Children are often ignored in disaster related planning and policy development. This collaboration between Lancaster University and Save the Children researched children and young people’s experiences of the UK winter 2013/14 floods. We used creative arts methods to work with flood-affected children and communicate their ideas to policy. Watch our 6 minute film…
In emergencies while children and young people may have particular needs, they can also display resilience and contribute to informing and preparing themselves, their families and their communities. It is vital that we understand the effects of emergencies on children and young people so that policy can develop in ways that take account of both their needs and their contributions to resilience building, thus reducing the impact of future emergencies. However, children and young people are missing, virtually invisible to the emergency planning process in the UK and more widely, for disasters including extreme weather events, such as severe flooding.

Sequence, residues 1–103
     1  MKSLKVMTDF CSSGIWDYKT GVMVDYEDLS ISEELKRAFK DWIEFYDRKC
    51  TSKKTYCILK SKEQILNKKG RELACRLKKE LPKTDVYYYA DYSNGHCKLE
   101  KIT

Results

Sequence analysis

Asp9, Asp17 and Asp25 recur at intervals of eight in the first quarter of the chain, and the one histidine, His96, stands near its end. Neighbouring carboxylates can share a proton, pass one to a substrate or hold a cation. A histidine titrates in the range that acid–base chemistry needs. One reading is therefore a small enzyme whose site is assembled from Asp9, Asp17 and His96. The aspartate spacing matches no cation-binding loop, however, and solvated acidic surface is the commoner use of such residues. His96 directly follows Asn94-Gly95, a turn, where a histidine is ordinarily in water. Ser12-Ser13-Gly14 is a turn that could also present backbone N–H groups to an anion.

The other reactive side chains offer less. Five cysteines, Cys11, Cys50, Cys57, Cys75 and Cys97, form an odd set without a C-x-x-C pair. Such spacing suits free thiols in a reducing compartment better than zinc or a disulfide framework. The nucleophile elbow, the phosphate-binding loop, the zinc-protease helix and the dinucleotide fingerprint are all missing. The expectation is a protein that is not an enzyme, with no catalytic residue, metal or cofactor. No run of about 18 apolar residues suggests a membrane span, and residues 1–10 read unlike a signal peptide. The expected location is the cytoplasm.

Flooding is the UK’s most serious ‘natural’ hazard with over 5 million properties at risk, and according to the Intergovernmental Panel on Climate Change we can expect more severe flooding over the coming years. The acute storms and floods in the UK during the winter of 2013/14 revealed a problem which is now understood to be chronic. This project works with two groups of children who were affected by these severe winter floods.
The project is funded through the ESRC Urgency Scheme, and is led by Professor Maggie Mort with co-investigators Dr Amanda Bingley, Dr Marion Walker, Dr Alison Lloyd Williams from Lancaster University and Virginia Howells of Save the Children UK in an unique collaboration between Lancaster researchers and this major charity.